Over the weekend, I gave a presentation at the German Multimediatreff. I talked about how to make things more accessible by combining HTML5 and WAI-ARIA in smart ways, using HTML5 where available and appropriate, and enhancing the user experience where HTML5 still has gaps in the implementation. This is a recap of what I showed.
The base for my talk is my third easy ARIA tip, where I enhanced a form with some basic local form validation to help users fill it out and avoid errors upon submission. If you are not or no longer familiar with what I did there, stop reading here and go read that post again as a recap. If you are caught up, let’s move on!
From WAI-ARIA to HTML5
Since then, a lot of time has passed, and we’re now much better equipped with native markup magic that HTML5 supplies us. Thankfully, Firefox and also other browsers implement most, if not all, these features now, so we can move ahead with our changes. To remind you, WAI-ARIA is there to enhance, not substitute, native markup, so whereever possible, we should use native markup when available. These changes are:
- Throw out all
aria-required="true" instances and replace them with the HTML5 required attribute. This gives us automatic flagging of a required field not only via accessibility APIs, but also through visual indicators. Also, a required field is automatically flagged as invalid if it is empty.
- For the field ‘name’, add a pattern attribute containing a regular expression that defines a valid name consist of some characters, one space, and some more characters. This will cover most cases, and if you’d like something more complex, consider me giving you some homework. 😉
- The field “email” gets the type “email”, the field “website” gets the type “url” set. This gives us proper validation of e-mail addresses and URLs respectively right upon entry. Moreover, on mobile devices with a virtual keyboard, the most common extra keys are usually provided right out of the box.
In addition, for a better error message, I am using the non-standard x-moz-errormessage attribute on the “name” field to tell users that the name was entered wrong rather than the standard “patterns don’t match” error message the browsers usually throw at users in the instance of them having entered a wrong value.
In addition, the name field contains (already in the ARIA example) a title attribute that tells users that a name must consist of at least two words.
Filling out this form now gives us validation upon submission. Firefox sets focus back to any invalid field it finds when users press the “submit” button. In addition, an error message is displayed describing the problem.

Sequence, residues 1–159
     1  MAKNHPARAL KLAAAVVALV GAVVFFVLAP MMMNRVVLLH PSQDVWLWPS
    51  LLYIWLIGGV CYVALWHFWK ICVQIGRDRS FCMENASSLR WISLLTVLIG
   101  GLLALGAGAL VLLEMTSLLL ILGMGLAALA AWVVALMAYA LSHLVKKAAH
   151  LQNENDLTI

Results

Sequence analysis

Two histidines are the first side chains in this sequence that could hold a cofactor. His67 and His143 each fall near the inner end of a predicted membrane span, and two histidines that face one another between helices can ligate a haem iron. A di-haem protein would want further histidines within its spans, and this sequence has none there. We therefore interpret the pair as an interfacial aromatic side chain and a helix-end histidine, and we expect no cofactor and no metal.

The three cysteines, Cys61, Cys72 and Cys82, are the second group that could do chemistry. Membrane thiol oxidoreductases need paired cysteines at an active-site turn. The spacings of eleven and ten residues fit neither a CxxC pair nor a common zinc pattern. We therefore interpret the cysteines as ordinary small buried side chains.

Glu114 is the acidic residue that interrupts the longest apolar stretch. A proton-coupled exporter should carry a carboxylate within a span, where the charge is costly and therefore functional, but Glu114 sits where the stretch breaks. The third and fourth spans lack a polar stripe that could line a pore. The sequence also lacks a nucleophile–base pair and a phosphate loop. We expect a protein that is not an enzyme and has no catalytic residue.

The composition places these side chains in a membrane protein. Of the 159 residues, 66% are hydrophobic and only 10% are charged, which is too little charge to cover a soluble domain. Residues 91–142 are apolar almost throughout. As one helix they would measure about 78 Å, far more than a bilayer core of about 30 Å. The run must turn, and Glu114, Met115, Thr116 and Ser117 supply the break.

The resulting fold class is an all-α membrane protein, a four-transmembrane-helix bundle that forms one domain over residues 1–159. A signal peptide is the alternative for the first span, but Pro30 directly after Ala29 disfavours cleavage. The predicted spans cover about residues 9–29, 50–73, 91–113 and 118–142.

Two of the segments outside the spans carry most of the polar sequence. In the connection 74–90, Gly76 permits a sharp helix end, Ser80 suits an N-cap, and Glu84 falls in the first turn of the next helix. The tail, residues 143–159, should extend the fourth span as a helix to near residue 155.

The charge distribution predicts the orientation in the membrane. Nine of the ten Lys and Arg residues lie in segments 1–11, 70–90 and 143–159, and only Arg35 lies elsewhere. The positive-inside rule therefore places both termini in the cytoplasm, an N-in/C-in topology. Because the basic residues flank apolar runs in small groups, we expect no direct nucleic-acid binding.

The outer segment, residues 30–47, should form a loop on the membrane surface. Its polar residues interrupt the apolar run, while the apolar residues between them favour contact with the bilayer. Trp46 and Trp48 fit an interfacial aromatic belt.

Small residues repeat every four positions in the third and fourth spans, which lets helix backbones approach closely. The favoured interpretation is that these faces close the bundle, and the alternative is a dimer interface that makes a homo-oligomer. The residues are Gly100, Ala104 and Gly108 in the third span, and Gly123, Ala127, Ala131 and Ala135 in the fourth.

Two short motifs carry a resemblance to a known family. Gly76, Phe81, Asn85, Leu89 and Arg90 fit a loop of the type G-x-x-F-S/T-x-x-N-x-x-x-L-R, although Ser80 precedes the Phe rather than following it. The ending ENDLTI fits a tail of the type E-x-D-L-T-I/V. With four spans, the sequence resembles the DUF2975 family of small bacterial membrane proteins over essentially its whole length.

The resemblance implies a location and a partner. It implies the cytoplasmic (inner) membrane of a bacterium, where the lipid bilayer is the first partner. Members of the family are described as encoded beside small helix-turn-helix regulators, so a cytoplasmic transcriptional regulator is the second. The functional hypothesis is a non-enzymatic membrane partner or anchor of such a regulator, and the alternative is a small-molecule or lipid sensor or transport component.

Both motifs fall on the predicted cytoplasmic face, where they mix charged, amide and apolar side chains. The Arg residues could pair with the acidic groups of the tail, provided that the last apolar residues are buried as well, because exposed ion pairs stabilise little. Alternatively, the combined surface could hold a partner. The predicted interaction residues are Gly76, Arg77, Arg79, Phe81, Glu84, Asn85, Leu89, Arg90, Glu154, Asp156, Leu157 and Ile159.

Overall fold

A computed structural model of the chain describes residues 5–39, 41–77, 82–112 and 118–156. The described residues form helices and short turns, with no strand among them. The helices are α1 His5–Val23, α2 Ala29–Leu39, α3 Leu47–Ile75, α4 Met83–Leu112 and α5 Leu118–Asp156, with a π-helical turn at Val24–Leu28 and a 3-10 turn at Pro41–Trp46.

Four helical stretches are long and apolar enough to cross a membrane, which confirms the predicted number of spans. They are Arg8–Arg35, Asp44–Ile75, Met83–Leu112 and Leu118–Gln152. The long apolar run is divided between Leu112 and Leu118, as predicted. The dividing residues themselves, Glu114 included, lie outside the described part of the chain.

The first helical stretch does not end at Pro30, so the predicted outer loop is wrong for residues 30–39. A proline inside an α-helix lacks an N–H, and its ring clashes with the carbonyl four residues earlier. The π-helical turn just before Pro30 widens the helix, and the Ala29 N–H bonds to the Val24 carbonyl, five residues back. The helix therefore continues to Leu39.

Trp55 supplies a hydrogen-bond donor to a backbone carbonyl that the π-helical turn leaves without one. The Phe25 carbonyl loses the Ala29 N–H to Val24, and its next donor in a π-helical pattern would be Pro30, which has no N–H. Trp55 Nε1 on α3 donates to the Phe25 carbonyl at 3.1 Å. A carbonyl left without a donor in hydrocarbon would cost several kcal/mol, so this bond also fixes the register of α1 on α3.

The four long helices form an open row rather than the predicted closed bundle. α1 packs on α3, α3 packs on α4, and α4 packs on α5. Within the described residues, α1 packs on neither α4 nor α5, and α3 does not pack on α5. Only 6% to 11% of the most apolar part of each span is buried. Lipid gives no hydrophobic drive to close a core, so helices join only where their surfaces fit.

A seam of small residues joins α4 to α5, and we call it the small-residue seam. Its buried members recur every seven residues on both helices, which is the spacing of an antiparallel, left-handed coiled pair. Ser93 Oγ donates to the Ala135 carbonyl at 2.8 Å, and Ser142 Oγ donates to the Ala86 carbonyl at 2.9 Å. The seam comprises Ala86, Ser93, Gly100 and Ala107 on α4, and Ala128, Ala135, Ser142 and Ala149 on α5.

Our original example, however, was better in that it provided validation right at the point when an entry lost focus. Since this is a dynamically created alert box that is not yet a native HTML5 element, we have to resort to WAI-ARIA again to make this work the same, but using the HTML5 validation benefits. So, let’s enhance our example:
- Bring back the first two functions from the original ARIA version unchanged. These remove any existing alert box, and they create a new alert with the given message.
- Adjust the function that is called in the onblur handler of the “name” and “email” fields (see below):
- First, we have to adjust the function name to something that doesn’t clash with a reserved word. I used
- Now, get rid of the search string and error message parameters. These are no longer needed because the validation is done by the browser, and we simply use the HTML5 form constraints API to ask the browser for the relevant info. Also, the browser provides us with the appropriate error message, so no need to generate one ourselves here.
- In the if clause, simply ask if the call to the checkValidity() method of the element we obtained in the line above gives us a “true” or “false” result. If true, simply remove the old alert. If false, create an alert and use the element’s validationMessage property as the message parameter. The browser will handle the rest for us.
- Remove the lines that set aria-invalid. These are no longer needed, since the browser’s constraint validation will provide the invalid or valid states automatically.
- For the “name” and “email” fields, add back onblur handlers pointing to the above function and simply pass in the field’s ID.
Testing this example, it shows that we’ve got our original functionality back. In addition, if we ignore the intermediate error messages, the browser’s validation mechanism will throw us back to any of the wrongly filled out fields upon a submission attempt. Note that not all browsers do this last step. Safari on the Mac, for example, will submit the form even if it contains invalid entries.
The example pages can be found (in English and German) at this address. Happy hacking!